"Oh yes, please come," drawls Cyril, the French cultural attache. "You are most welcome." And then he adds, "And it would be very nice if you could find some time to say hello to Michael York."
This isn't the offer of an informal chat, of course. This is every schmoozer's worst nightmare: The Mandatory Showbiz Interview. I have nothing against Michael York, but the notion of being part of an international journalistic gang-bang fills me with dread. Also, my knowledge of French is lamentably limited, and unless the accolade being bestowed comprises la plume de ma tante, I won't know what the hell is going on.
But I swallow my pride and head to the reception, which is packed with sophisticated French attaches and a sorry-looking Romanian journalist. Michael York is the centre of attention - Peter Greenaway is nowhere to be seen - and a gaggle of French journalists (and the Romanian) surround him, interviewing him in only the way that the French (and Romanians) can.
"Monsieur York," begins one. "First let me say that it is the highest privilege to be interviewing you at this time."
"Thank you," says Michael York, and adds, "but the honour is all mine."
"Let me add," says another, "that your influence upon the industrie cinematique is inestimable, and, on behalf of the French people, I must offer my respect at this moment of honour. And, also, did you enjoy working with Jeanne Moreau?"
"Very much so," says Michael York.
"Tell... me," begins the Romanian, with interminable slowness, "I... have... a... question... for... the... population... of... no... that... is... wrong..." "Hmmm?" says Michael York.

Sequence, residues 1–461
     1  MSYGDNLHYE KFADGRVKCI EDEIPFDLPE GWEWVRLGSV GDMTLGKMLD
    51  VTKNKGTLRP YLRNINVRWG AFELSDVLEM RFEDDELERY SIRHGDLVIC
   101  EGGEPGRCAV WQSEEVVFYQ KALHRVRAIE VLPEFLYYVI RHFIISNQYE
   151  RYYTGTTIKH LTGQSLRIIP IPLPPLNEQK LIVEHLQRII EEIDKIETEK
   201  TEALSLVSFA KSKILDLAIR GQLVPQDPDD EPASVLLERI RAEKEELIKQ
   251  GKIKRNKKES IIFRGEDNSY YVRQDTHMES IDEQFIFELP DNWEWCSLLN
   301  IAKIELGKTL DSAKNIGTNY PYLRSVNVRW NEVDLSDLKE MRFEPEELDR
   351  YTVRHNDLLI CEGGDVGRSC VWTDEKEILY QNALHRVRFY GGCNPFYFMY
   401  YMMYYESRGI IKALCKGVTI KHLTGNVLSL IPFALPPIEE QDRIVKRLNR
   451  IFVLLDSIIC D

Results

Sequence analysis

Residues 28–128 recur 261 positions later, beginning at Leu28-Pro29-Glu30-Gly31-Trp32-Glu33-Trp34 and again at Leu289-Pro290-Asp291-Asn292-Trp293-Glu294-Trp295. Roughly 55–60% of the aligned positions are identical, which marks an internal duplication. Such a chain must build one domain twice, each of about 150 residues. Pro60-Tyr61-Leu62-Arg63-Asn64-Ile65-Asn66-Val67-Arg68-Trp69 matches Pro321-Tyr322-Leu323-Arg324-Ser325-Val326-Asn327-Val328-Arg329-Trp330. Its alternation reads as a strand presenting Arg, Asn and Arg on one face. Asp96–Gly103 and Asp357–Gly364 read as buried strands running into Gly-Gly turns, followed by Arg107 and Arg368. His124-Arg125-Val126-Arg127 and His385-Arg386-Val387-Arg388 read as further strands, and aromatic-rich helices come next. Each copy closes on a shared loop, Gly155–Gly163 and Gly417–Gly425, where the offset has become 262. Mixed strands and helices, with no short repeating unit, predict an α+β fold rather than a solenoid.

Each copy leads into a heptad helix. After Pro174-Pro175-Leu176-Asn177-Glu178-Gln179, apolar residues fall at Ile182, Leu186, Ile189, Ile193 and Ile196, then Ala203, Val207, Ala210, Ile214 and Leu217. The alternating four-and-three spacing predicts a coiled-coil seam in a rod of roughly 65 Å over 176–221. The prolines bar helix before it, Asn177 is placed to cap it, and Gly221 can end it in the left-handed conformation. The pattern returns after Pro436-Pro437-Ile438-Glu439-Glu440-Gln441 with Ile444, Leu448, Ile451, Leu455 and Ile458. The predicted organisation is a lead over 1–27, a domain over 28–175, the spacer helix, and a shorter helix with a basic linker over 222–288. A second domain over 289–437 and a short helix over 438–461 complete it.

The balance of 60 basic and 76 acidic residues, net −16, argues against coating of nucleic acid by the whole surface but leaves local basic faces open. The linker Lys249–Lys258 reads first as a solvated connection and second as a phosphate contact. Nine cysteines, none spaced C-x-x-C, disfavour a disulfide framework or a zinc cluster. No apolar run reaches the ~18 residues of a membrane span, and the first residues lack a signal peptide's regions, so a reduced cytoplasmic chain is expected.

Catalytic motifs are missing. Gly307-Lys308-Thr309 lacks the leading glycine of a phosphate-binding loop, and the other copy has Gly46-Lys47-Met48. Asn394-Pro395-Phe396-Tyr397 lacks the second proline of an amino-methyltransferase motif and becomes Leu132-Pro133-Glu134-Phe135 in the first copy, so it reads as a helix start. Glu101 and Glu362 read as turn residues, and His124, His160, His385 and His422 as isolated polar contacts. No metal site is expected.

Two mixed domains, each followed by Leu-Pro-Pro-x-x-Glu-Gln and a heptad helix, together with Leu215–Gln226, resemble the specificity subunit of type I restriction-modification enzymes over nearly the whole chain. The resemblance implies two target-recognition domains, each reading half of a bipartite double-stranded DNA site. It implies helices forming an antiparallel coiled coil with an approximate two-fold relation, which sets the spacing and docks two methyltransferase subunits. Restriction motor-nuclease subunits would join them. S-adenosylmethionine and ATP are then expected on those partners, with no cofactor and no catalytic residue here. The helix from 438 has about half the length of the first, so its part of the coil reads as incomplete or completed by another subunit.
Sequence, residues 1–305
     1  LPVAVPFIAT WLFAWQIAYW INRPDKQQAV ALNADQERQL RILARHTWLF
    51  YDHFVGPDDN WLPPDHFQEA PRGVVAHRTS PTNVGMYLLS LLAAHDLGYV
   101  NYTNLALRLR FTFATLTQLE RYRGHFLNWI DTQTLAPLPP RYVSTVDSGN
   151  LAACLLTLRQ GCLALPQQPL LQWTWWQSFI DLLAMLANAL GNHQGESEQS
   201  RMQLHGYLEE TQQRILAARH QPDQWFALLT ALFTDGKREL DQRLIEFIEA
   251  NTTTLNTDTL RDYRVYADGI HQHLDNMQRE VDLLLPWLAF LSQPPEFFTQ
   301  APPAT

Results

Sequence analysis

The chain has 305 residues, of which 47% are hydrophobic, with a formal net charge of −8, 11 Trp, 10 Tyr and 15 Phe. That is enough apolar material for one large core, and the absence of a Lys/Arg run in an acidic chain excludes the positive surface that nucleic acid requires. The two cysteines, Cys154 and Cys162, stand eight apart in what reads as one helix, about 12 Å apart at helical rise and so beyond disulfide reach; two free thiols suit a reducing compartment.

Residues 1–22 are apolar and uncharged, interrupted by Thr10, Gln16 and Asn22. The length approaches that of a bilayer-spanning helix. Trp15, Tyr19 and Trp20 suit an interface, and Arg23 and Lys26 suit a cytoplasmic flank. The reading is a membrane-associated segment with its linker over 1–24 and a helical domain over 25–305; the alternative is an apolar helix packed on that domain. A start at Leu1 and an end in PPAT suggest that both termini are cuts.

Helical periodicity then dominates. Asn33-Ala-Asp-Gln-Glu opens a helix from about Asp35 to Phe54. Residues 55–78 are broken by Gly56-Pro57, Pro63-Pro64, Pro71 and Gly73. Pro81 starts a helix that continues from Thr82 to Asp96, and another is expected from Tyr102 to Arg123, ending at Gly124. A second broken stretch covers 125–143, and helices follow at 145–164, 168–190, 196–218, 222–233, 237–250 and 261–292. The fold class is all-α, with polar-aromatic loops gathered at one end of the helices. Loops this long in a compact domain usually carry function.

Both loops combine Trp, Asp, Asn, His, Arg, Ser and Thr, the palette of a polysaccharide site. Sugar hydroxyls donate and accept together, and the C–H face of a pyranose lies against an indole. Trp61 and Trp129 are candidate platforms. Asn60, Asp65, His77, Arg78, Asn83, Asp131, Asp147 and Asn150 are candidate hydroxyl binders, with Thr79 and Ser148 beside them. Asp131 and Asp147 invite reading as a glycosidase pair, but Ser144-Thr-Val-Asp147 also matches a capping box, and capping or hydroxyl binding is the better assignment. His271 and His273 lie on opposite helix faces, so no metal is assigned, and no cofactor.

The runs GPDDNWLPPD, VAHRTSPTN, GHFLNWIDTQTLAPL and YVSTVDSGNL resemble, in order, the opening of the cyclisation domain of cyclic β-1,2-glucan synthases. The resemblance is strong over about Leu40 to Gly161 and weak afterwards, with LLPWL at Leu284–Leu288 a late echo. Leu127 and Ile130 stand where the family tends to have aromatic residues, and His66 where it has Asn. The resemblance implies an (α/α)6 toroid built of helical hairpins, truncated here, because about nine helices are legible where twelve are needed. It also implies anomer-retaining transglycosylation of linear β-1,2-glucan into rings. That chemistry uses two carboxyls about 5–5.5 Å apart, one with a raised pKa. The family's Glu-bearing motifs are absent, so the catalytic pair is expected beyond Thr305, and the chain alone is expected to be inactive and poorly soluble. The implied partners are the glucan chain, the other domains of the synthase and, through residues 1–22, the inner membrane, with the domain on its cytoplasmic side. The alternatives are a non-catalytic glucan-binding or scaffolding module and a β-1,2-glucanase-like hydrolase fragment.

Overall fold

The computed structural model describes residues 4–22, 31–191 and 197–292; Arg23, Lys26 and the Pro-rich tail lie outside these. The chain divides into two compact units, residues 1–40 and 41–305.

"People!" exclaims the Romanian. "I have a question for the people of Romania!" "Hmmm?" says Michael York.
"Your question, sir."
"Ah!" says the Romanian. "Yes! It... concerns... Liza... Minnelli... um..."
But there is no time, the ceremony is about to begin, and we hurriedly take our seats. Peter Greenaway is still not here, which leaves Michael York standing alone to the left of the stage. After a few choice words - and a promise that after the ceremony we will be shown a lengthy 1895 silent film portraying street scenes from around the world, Michael York is given a medal, which he pins to his chest. There is a rapturous applause.
"I very much like France," begins York, "so thank you very much for this marvellous honour."
Then the lights go down, and we are shown the 1895 film, which begins in Paris (lots of people with big moustaches walking very quickly down the street). After Paris, we go to Berlin (also lots of people with big moustaches walking very quickly down the street), followed by Mexico (lots of people with big hats and big moustaches sitting around in dirt). Thirty- five minutes later (Tokyo - very thin moustaches), and I'm afraid to admit I sneak off home.Reuse content